By The BroglieBox Team
5 min read
Depression (major depressive disorder) is a common and serious medical illness that negatively affects how you feel, the way you think and how you act. Fortunately, it is also treatable. Depression causes feelings of sadness and/or a loss of interest in activities once enjoyed. It can lead to a variety of emotional and physical problems and can decrease a person’s ability to function at work and at home.
Depression symptoms must last at least two weeks for a diagnosis. These symptoms can include:
- Feeling sad or having a depressed mood
- Loss of interest or pleasure in activities once enjoyed
- Changes in appetite — weight loss or gain unrelated to dieting
- Trouble sleeping or sleeping too much
- Loss of energy or increased fatigue
- Increase in purposeless physical activity (e.g., hand-wringing or pacing) or slowed movements and speech (actions observable by others)
- Feeling worthless or guilty
- Difficulty thinking, concentrating or making decisions
- Thoughts of death or suicide
Depression is among the most treatable of mental disorders. Before a diagnosis or treatment, a health professional should conduct a thorough diagnostic evaluation, including an interview and possibly a physical examination. In some cases, a blood test might be done to make sure the depression is not due to a medical condition like a thyroid problem (which is why official diagnosis by a physician is critical). The evaluation is to identify specific symptoms, medical and family history, cultural factors and environmental factors to arrive at a diagnosis and plan a course of action.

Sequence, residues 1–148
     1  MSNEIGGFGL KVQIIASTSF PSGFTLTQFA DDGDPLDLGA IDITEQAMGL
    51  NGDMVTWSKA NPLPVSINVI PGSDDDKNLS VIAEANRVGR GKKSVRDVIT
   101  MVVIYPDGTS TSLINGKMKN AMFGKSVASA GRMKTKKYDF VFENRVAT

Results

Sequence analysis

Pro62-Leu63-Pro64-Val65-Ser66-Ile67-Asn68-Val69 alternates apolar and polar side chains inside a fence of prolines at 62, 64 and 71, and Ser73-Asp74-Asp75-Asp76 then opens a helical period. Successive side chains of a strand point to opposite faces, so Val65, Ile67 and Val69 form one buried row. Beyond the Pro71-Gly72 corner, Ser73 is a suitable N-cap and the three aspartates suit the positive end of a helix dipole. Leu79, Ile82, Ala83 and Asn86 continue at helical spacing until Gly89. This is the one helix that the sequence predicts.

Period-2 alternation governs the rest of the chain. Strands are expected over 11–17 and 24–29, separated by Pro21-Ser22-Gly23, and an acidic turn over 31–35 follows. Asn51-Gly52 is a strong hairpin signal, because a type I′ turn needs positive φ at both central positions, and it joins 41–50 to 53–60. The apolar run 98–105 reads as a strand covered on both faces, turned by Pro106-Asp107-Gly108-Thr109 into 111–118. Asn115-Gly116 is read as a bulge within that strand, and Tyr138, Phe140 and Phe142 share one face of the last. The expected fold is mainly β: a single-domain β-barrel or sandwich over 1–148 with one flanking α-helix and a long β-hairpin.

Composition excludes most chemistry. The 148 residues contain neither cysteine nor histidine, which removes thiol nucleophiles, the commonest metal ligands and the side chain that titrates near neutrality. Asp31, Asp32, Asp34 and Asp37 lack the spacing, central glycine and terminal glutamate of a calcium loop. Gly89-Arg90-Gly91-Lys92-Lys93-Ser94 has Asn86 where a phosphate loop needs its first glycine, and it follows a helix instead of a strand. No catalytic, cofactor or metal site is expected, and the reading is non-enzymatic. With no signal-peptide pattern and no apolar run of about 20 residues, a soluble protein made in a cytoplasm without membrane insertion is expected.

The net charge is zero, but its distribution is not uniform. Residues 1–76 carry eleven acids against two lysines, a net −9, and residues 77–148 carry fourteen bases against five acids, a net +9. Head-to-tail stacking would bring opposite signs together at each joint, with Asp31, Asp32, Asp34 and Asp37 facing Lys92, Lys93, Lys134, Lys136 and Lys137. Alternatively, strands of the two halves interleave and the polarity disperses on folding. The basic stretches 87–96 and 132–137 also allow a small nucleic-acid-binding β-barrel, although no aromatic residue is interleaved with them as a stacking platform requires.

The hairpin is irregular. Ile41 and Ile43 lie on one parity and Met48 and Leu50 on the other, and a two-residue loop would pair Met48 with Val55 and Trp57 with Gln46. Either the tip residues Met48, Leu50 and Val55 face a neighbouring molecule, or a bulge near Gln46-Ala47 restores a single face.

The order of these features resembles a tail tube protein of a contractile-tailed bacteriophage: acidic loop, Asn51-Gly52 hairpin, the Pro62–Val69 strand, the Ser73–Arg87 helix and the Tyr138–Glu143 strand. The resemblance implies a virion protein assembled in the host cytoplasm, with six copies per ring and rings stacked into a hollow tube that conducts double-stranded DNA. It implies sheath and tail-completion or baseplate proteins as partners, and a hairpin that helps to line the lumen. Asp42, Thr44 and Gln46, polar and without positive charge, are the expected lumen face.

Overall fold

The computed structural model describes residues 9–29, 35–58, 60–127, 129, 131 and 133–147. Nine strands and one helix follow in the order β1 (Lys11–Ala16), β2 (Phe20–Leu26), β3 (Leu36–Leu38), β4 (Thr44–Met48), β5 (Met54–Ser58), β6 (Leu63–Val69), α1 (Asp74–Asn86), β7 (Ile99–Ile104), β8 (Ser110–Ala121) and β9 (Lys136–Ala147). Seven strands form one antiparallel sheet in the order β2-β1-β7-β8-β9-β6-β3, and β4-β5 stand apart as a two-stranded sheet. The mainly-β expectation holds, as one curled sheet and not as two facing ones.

Some treatment options can include but are not limited to:
– Self help and coping strategies
– Electroconvulsive Therapy (ECT)
– Self Help
Depression is a real illness and help is available. With proper diagnosis and treatment, the vast majority of people with depression will overcome it. If you are experiencing symptoms of depression, a first step is to see your family physician or psychiatrist. Talk about your concerns and request a thorough evaluation. This is a start to addressing mental health needs.
Related Conditions include:
– Peripartum/postpartum depression
– Persistent depressive disorder (previously known as dythymia)
– Seasonal affective disorder (SAD)
– Premenstrual dysphoric disorder
– Disruptive mood dysregulation disorder
– Bipolar disorders
American Psychiatric Association. Diagnostic and Statistical Manual of Mental Disorders (DSM-5), Fifth edition. 2013.
National Institute of Mental Health. (Data from 2013 National Survey on Drug Use and Health.)
Kessler, RC, et al. Lifetime Prevalence and Age-of-Onset Distributions of DSM-IV Disorders in the National Comorbidity Survey Replication. Arch Gen Psychiatry. 2005;62(6):593602.
At this time, we can recommend the below resources:
Talk Space or Better Help (Online/Virtual Therapy)
The Buddy Project (For loneliness and peer support)
Crisis Text Line (For Depression and Self Harm)
Suicide Prevention Hotline (For Self Harm and Suicide Prevention)